Neo-Nazis put up German election posters saying “hang the Greens”, which, on the grounds of free speech, were allowed to stay up.
The city of Zwickau in eastern Germany had ordered a ban on the posters after they appeared during the general election campaign.
But a court in the state of Saxony overturned the ban, ruling that the posters could stay if they were moved 100 metres away from official Green party advertising.
In a provisional ruling, judges said it was unclear whether strict requirements had been met for limiting free speech during an election campaign.
The decision was met with widespread criticism and is expected to face an appeal by city authorities. Similar posters appeared elsewhere in Germany.
“For us it doesn’t make any difference whether the posters are hanging here or 100m away,” said Zwickau mayor Constance Arndt.
“The demand to hang the Greens is and remains completely unacceptable, undemocratic and irresponsible.”
Josef Schuster, the head of the Central Council of Jews in Germany, said the ruling left him speechless.
“Right-wing extremists call for violence against the Greens and the court in Chemnitz talks about freedom of speech,” he said. “Seriously? What understanding of democracy does our justice system have?”.
A small neo-Nazi party called The Third Way put its name to the posters, which call on people to “vote German” at the election on September 26.
Germany’s domestic intelligence agency described the party in an annual report as being defined by xenophobia, anti-Semitism and neo-Nazi ideology.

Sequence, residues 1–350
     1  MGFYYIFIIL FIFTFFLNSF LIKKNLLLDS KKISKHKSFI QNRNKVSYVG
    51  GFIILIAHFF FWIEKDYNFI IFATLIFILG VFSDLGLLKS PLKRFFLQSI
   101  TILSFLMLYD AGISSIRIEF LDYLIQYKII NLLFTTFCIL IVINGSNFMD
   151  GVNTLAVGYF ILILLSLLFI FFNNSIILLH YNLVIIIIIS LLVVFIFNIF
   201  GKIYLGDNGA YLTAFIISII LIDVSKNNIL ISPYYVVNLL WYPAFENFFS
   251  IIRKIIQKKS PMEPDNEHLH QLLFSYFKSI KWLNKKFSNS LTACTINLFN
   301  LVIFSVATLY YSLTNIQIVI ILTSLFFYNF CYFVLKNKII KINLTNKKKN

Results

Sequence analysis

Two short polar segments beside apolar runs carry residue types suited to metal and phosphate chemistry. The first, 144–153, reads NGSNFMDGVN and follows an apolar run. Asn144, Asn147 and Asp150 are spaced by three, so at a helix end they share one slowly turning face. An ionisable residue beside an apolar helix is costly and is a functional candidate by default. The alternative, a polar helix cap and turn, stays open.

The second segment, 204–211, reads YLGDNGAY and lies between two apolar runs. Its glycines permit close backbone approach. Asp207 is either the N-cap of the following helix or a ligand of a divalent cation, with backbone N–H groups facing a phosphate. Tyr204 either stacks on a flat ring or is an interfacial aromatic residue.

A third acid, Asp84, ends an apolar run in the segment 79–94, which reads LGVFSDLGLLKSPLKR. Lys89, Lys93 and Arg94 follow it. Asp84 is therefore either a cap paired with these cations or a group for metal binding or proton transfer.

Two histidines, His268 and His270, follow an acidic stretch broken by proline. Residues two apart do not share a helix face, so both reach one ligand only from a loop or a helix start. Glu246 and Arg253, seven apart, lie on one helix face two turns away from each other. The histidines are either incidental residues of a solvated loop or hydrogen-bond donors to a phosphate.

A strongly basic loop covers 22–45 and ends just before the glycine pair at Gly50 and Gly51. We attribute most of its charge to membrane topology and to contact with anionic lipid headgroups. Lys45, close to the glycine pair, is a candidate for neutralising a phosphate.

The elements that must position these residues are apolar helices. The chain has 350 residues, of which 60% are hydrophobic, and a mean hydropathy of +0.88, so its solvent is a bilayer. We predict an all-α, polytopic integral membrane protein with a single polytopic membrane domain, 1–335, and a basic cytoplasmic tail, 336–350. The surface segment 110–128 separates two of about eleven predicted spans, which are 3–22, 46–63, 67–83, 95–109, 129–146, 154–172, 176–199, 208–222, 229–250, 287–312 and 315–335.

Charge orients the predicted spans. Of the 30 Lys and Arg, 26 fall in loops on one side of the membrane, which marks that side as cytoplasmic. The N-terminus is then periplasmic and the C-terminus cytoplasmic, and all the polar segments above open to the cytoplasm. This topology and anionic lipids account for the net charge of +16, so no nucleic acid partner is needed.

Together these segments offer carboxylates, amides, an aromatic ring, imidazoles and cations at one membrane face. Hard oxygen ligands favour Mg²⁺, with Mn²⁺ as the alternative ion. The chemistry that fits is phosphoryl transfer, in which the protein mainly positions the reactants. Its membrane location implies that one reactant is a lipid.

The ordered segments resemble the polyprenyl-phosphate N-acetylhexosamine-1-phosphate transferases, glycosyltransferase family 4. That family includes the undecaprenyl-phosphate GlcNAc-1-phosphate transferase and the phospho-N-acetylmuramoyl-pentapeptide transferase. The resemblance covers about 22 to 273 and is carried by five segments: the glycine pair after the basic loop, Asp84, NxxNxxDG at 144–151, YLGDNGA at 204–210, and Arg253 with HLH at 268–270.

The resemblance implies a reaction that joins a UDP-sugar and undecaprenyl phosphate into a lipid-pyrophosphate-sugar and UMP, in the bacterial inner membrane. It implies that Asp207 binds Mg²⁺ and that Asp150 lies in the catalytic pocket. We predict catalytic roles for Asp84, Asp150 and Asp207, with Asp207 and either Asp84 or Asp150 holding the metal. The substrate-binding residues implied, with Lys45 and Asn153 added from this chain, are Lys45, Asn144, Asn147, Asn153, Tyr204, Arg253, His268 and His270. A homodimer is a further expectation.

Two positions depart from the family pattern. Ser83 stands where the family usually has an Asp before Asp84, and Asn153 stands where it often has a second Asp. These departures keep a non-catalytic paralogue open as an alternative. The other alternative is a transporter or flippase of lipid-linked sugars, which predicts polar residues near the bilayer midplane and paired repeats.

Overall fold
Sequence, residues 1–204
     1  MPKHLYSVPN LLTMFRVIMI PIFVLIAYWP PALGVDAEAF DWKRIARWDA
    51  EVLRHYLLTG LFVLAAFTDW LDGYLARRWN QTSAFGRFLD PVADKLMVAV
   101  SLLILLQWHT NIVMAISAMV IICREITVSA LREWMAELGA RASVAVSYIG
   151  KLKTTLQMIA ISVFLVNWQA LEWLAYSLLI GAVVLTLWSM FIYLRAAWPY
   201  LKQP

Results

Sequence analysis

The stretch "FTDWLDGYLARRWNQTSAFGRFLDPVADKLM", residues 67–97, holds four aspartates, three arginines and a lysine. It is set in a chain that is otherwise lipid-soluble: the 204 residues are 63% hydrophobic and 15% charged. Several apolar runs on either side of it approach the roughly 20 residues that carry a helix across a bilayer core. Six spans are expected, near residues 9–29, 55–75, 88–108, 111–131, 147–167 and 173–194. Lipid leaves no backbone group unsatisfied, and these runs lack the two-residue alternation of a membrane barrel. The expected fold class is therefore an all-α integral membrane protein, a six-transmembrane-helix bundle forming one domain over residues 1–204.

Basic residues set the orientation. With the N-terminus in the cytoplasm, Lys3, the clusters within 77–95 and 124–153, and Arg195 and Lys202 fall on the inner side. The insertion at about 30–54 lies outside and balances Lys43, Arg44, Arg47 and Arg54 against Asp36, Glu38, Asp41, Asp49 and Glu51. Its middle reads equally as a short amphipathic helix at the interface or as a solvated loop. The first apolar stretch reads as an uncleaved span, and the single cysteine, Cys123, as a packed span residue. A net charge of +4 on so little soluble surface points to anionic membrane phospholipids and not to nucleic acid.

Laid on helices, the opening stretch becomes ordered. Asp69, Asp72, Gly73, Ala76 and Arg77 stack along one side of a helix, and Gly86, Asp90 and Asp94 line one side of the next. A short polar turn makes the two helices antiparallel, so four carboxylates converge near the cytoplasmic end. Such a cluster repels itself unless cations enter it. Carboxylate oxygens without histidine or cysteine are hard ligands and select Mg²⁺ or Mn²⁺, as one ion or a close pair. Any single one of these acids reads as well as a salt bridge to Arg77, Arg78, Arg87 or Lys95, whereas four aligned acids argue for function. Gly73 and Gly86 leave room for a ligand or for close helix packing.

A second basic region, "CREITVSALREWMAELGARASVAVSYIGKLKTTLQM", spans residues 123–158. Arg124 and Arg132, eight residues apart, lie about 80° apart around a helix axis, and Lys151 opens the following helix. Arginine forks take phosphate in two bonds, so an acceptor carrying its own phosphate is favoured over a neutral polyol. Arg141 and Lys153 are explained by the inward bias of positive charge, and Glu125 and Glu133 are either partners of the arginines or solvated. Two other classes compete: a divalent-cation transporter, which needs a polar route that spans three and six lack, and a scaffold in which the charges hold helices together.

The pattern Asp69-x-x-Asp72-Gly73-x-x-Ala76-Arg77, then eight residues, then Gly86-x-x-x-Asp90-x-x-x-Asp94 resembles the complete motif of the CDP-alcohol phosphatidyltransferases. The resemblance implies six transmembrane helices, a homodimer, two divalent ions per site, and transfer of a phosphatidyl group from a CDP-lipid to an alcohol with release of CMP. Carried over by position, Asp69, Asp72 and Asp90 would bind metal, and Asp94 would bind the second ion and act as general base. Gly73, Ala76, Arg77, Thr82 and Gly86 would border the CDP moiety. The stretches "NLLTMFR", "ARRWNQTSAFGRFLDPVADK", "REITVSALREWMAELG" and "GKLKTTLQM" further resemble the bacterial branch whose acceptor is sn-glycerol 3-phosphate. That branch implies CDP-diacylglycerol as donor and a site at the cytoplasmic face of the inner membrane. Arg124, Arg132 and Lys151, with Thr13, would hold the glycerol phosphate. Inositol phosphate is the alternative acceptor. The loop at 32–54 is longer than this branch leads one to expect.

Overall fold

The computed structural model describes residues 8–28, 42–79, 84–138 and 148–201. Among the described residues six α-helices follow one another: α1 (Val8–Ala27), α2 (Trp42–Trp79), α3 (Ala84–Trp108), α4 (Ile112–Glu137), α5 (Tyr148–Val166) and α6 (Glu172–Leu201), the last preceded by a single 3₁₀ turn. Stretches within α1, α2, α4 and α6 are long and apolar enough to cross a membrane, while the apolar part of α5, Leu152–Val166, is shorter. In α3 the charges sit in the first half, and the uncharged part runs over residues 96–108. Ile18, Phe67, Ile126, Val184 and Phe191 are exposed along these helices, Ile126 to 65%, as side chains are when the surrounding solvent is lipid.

It said the party fundamentally rejects Germany’s liberal democratic order, in particular with its statements on asylum and immigration.
The party won about 12,800 votes at European elections in 2019, less than 0.1 per cent of the total. It has no national or regional representation but is standing in this year’s election.
The Greens are a regular target of far-right activists. Party leader Annalena Baerbock has been targeted by online smear campaigns.
Local Green activists responded with a new poster that mocked the court’s decision by announcing “This poster keeps the surrounding 100m Nazi-free”.
“We find the court decision in Chemnitz very bemusing and surprising,” said Christin Furtenbacher, a spokeswoman for the Greens in Saxony.
“Incitement to murder more than 3,300 members of a democratic party in Saxony, and its supporters, has no place in the public domain.”
The former East Germany is a stronghold of the far right. The Alternative for Germany party topped the poll in Saxony at the 2017 election.